well before now; perhaps they represent former limbs.

The massive cone of the Bunya Pine (and a much younger bloke in a world where blogging
hadn't been dreamt of!). It is not wise to linger under the pines when cones are ripe!

Alongside the Bunyas grow the closely related Hoop Pines (though in theory they favour lower drier elevations). This species, A. cunninghamii (for the illustrious explorer-botanist Allan Cunningham), is much more widely distributed, found from northern New South Wales to New Guinea; it is also grown in timber plantations.
The very distinctive erectly ragged crown of Hoop Pines.

Clearly these Hoop Pines are growing in rainforest, complete with massive Bird's Nest Fern epiphytes.

Hoop Pine trunk, with the 'hoops' for which it was named.
Another significant difference from Bunya Pines is in the cones, which are tiny.
Like other subtropical forests this is a simpler forest than the tropical forests further north, but shares characteristics such as lianas, buttresses, epiphytes, strangler figs and many ferns, and is a lovely place to walk through; there is an excellent array of walks to choose from.
Bunya Pine-dominated forest.

An opening in the forest, with tree ferns and rapidly growing Giant Stinging Trees,
which specialise in colonising such clearings.

A tangle of fallen lianas.

An old, knotted liana.

A bank of ferns and cordylines.
Broad-leaved Palm Lily Cordyline petiolaris, above and below.
In the new lily taxonomy it is placed in the family Asparagaceae; it is found
throughout the near-coastal sub-tropics of Australia.

Leaf of Giant Stinging Tree Dendrocnide excelsa - it is literally a tree-sized stinging nettle, in the
family Urticaceae. You can see the stinging hairs around the chewed sections. The leaves always seem
to be nibbled, so the defences obviously only work against larger animals - but they certainly do work on me!
Buttresses on Churnwood Citronella moorei, family Cardiopteridaceae.
The Citronella was applied to a Chilean species; moorei for Charles Moore, NSW government botanist.
Strangler Fig Ficus watkinsiana; for more on stranglers, see here, but essentially they kill their host not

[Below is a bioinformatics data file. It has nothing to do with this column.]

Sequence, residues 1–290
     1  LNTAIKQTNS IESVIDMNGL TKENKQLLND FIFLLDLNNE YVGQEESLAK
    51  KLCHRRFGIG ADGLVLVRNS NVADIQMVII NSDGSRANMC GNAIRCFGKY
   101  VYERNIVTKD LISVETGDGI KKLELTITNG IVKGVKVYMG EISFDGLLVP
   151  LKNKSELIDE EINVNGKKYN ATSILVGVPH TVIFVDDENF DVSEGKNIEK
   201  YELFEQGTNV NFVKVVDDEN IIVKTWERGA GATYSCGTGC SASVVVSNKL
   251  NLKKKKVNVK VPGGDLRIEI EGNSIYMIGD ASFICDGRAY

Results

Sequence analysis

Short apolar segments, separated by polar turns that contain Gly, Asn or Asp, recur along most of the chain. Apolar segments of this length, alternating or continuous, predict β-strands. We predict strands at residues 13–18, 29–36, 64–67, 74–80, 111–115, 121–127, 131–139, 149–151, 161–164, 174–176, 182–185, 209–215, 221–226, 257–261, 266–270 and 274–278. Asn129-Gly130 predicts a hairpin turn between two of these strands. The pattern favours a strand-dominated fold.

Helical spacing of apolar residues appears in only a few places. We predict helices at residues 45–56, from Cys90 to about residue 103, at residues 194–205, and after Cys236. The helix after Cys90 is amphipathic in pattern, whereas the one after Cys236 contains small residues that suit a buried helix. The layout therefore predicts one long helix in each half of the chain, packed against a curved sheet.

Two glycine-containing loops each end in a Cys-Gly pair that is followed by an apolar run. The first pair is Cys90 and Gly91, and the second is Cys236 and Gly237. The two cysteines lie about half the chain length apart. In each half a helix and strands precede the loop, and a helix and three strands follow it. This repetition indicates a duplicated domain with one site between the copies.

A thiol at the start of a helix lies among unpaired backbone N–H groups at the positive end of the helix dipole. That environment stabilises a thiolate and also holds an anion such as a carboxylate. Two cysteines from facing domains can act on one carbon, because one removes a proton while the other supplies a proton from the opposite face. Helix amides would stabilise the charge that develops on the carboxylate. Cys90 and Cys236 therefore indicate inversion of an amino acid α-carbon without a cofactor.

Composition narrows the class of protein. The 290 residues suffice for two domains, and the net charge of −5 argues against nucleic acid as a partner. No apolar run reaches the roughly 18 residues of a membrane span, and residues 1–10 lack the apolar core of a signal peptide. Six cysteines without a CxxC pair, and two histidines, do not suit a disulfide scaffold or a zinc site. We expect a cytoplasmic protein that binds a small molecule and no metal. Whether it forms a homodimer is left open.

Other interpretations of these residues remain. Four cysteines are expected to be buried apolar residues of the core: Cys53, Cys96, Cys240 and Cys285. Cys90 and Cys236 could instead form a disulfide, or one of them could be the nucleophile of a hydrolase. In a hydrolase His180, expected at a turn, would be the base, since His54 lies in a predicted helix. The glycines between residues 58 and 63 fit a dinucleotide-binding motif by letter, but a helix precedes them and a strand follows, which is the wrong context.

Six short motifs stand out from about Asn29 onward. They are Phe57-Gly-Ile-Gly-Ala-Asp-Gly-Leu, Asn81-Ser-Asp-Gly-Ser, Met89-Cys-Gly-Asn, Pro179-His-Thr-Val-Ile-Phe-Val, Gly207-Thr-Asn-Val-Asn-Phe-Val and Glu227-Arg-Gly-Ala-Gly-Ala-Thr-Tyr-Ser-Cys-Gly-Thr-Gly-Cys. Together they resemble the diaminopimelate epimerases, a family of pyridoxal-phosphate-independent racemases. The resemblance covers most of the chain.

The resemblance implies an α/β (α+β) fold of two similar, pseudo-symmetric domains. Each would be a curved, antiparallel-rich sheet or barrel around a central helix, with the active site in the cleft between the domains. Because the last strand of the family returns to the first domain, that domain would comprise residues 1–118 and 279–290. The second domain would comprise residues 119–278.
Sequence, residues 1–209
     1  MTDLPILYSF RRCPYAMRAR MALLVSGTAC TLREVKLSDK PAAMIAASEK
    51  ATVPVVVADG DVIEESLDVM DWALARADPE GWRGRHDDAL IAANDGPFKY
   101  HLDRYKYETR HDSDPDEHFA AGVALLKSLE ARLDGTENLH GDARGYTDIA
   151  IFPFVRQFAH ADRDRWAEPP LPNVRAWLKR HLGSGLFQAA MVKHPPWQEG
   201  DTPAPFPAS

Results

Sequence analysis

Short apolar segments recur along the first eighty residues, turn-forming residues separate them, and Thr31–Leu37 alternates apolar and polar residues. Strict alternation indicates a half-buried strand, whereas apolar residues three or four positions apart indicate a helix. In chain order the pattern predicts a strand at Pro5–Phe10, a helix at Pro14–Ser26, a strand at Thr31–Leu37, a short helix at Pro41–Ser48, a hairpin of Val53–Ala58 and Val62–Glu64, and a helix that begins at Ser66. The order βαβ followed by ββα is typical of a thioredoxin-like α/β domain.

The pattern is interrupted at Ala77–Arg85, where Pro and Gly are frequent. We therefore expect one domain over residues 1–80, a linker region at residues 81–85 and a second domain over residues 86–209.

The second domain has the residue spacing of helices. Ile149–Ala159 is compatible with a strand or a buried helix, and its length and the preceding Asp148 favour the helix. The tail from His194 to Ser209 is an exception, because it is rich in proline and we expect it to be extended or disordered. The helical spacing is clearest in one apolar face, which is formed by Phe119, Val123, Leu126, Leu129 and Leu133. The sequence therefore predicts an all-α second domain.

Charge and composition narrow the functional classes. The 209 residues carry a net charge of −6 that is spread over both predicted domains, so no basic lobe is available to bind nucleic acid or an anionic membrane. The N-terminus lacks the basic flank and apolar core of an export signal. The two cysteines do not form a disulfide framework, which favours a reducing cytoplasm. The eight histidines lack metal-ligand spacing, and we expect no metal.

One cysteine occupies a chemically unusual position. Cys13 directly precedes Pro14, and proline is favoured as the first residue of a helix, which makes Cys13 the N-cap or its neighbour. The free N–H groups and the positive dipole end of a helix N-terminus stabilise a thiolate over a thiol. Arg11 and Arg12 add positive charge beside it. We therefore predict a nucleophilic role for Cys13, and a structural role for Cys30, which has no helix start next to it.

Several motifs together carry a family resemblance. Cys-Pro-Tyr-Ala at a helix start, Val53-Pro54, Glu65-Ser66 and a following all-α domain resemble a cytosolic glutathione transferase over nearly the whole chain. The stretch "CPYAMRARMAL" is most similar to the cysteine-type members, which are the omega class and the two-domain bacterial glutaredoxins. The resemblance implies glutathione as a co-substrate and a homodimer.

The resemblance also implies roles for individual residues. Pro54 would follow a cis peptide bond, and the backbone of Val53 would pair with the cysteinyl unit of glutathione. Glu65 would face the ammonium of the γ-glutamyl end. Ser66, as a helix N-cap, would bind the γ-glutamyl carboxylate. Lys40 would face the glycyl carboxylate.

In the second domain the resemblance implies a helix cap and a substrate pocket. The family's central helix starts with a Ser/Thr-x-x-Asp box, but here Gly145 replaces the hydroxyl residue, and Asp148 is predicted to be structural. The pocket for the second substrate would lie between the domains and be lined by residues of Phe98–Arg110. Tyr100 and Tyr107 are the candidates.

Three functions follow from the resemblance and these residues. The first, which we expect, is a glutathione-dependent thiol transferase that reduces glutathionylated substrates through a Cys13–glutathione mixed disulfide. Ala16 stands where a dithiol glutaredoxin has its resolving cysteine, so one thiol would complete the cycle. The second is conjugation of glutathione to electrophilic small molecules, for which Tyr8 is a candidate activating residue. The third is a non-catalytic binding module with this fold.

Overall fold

by strangulation but by shading them to death.
This one has a curious distribution in two isolated populations, one in northern New South Wales and south-east
Queensland, and one in tropical Queensland..

Cyathea cooperi, a tree fern, found along the eastern coast.
Unfortunately it has become an invasive weed in Hawaii and has invaded areas of southern Australia.
 Waterfalls feature on some of the walks.
Festoon Falls.

Paradise Falls; maybe a bit of hyperbole, but they are very pleasant!
Another favourite walk of mine in the Bunyas is the one up Mount Kiangarow, the highest point of the range (the walk actually starts high up and ascends very gradually). It starts in rainforest....

....but rapidly emerges into dry open forest, where a feature is the wealth of huge ancient grass trees, Xanthorrhoea glauca. They are certainly the largest of this species that I know, and only on Kangaroo Island have I seen others of similar size.
This magnificent specimen is at Burton's Well campground, at the start of the walk.

Avenue of grass trees along the track to the summit.

View from Mount Kiangarow, looking out over the park in the foreground and
the heavily cleared rich agricultural land of the Darling Downs beyond.
Another habitat which is of great interest in the Bunyas is the system of hilltop grasslands known as the balds. Their origin is unclear, though the presence of species restricted to them, including the locally endemic grass Bothriochloa bunyensis, strongly suggests they are natural. It is thought they are relics of the last glaciation; in recent times there has been considerable invasion of them by forest, which may be a product of global warming. Attempts are being made to counter this with use of fire.
Two views of some of the balds; there are well over a hundred of them along the ridges of the range.

Wildlife is rich, though I've not got a lot of photos - inter alia photography in rainforests is for those with better skills and equipment than I!
Carpet Python Morelia spilota, objecting at being asked not to lie on the road.
This is a scan of a slightly faded old slide from an early visit.
Red-necked Wallabies Macropus rufogriseus; along with some other animals they hang around
the visitor areas, but I prefer to show you slightly wilder ones where possible!
Brush Turkey Alectura lathami, another which has no problems making a living from visitors.
A mound-builder, which incubates its eggs in a huge pile of managed compost.
Male Superb Fairy-wren Malurus superbus. One of the most abundant and familiar birds in south-eastern Australia, but one more photo is never quite enough...
Female Paradise Riflebird Ptiloris paradiseus, one of three closely-related birds of paradise from
eastern Australian rainforests. An awful photo (again a scan of an old slide) but a special bird.
Juvenile (and wet!) Green Catbird Ailuroedus crassirostris; the two Australian catbirds are
relatively primitive bowerbirds which don't build display bowers, and which yowl loudly like cats
or crying babies, quite disconcertingly if you don't know them!

Topknot Pigeons Lopholaimus antarcticus, preening high in a Bunya Pine.
This big strange-looking fruit pigeon has no close relatives.
White-browed Scrubwren Sericornis frontalis. This active little group of birds had me fooled for a while -
I took them to be Yellow-throated Scrubwrens, but they are particularly yellow examples of the Queensland
race laevigaster. (If you're still wondering, the pale iris and distinctive white 'whiskers' are giveaways.)
And lastly this intriguing little character, twirling apparently contentedly at the end of a silken thread.
If you've not been to the Bunyas yet - or even if it's just been too long since you were there - take a detour when next you're in the vicinity, or even make a special trip! You won't be sorry.